A couple months ago, I won a book over at Stone SouP. Katrina, blog owner and dear friend, has a weekly book giveaway. This was the first time I’d won after entering nearly every week for the last two years. During that time, I’ve enjoyed getting to know Katrina, talking sustainable farming and horses, reading book reviews and happenings in her life.
The drawing I entered and won was for a book of my choice. I chose Mini-Farming- Self-Sufficiency on 1/4 Acre by Brett L. Markham, as we have less land and less space here in Georgia. Of course, I chose this book before finding out the LL would not let me put in a garden at all! However, I still read and enjoyed the book. After all, there’s always something to learn and store away for future knowledge, right? Right!
One of the first things you notice upon picking up this book is that it’s hefty in weight and filled with photographs. Author Brent L. Markham covers nearly every topic under the sun for how to make your land self-sustaining on just a quarter of an acre. Hard to believe you could do such a thing on such little land, I know! He delves into the realm of square foot gardening, traditional double digging, the pros and cons of various fertilizer and other money saving tips and techniques. Mr. Markham even talks about growing and processing your own grains, something which I had never considered or thought could even be accomplished on less than an acre before.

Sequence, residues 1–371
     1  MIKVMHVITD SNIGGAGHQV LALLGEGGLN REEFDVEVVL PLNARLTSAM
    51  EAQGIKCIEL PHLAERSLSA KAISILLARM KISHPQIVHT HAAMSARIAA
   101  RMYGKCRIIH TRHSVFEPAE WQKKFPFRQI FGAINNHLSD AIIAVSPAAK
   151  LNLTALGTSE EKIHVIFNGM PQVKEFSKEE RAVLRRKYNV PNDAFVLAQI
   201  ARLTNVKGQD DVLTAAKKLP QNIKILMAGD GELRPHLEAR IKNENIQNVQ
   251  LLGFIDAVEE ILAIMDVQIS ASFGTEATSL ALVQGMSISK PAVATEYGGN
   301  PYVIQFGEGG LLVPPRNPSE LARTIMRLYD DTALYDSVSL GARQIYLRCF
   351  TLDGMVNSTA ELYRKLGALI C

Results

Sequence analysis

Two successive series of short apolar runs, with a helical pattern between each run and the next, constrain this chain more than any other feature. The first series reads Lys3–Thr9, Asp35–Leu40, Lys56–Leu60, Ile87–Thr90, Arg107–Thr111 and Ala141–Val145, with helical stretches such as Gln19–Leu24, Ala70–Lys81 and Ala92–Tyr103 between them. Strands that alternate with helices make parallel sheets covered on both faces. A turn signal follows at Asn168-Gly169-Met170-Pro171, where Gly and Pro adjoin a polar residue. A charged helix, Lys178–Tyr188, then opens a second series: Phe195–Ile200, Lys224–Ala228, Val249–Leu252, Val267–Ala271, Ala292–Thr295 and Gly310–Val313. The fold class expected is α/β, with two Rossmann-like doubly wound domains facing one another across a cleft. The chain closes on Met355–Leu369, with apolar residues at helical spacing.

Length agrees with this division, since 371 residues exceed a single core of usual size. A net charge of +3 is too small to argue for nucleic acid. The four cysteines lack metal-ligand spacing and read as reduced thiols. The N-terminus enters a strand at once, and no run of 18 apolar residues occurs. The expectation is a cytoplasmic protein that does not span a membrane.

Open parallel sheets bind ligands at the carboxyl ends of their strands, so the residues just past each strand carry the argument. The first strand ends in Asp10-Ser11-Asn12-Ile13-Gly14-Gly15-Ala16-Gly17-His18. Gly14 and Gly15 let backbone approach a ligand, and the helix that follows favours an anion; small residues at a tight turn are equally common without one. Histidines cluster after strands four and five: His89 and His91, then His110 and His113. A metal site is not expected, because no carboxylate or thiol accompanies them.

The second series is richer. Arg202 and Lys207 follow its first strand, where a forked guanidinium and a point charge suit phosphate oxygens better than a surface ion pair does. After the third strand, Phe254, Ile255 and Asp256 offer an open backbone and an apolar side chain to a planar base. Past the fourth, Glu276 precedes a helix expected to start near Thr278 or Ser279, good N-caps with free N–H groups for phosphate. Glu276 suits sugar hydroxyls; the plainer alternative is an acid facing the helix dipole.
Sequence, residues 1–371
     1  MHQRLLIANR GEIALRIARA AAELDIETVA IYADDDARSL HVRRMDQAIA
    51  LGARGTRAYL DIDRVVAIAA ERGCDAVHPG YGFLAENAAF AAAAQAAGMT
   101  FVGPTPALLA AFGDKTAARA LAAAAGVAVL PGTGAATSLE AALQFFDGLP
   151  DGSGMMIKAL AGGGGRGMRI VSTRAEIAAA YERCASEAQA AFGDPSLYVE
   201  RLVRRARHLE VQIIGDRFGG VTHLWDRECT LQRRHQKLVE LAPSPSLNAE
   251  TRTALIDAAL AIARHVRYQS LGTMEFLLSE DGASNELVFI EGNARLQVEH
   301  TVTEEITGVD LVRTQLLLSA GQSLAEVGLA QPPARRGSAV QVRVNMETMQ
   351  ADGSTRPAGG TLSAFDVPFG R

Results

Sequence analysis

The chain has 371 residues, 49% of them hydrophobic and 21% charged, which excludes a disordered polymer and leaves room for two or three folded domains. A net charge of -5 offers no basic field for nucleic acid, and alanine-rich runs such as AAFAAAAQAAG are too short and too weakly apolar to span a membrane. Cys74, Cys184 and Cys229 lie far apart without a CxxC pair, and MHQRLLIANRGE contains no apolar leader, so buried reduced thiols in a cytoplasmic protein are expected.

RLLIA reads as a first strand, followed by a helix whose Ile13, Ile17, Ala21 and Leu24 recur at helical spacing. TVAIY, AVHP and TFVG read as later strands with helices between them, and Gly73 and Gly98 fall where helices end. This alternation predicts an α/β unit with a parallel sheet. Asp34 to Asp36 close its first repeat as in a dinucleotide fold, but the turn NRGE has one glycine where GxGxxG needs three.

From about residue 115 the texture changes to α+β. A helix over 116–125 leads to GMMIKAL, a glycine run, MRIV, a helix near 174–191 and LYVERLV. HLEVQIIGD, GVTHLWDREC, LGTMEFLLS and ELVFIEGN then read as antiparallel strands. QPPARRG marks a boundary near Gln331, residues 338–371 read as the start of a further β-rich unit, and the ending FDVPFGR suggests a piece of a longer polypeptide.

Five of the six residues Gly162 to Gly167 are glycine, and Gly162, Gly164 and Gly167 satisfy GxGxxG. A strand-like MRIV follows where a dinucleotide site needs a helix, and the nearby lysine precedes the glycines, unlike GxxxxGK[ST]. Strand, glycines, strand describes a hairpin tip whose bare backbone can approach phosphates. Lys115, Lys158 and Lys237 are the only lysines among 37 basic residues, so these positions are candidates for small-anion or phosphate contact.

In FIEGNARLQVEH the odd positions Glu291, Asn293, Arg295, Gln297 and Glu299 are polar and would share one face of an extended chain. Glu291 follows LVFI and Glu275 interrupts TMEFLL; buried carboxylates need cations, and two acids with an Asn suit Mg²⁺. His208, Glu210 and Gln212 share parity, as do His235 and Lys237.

Mini-Farming talks about the pros and cons of each type of crop, how to get the most bang for your buck, what fruits might produce the best and provide the largest crop, how to amend your soil, even how much food to grow per person in your household. Additionally, this book gives ideas of how to even generate some additional income with the crops you grow.
*If you are at all squeamish, please skip the next paragraph.
Mr. Markham does a wonderful job walking the reader through how to raise your own chickens for meat and eggs. He discusses tools of the trade, shows a photo of a cone set up for butchering, and once plucked, how to cut up your food. He even includes plans for a homemade chicken plucker, something I appreciate if I ever get the chance to raise any of my own food again.
However, he does not discuss raising rabbits, which are prolific breeders and not overly expensive to keep. Nor does he mention that their droppings can be immediately applied to the garden as fertilizer, not having to “cool” as other manures can require so as to not burn the roots of plants with the nitrogen content. (Yes, this is something I’ve considered recently).
I love that this book walks you through putting up and storing your produce. From canning to freezing, drying and saving seeds, the methods are shown in photo and explained so they can easily be followed by anyone. To me, some methods of canning have always been intimidating after growing up hearing horror stories of what can go wrong with pressure canning. But here, Mr. Markham directly addresses those fears, leaving one feeling confident enough to try the techniques he discusses.
In short, I think this book is a wonderful education guide for anyone looking to grow even a small part of their own food but feel intimidated to try. Having read a lot of other books on this topic, I feel this is the most user and beginner friendly book I’ve seen so far. I highly recommend it to anyone interested in sustainable farming.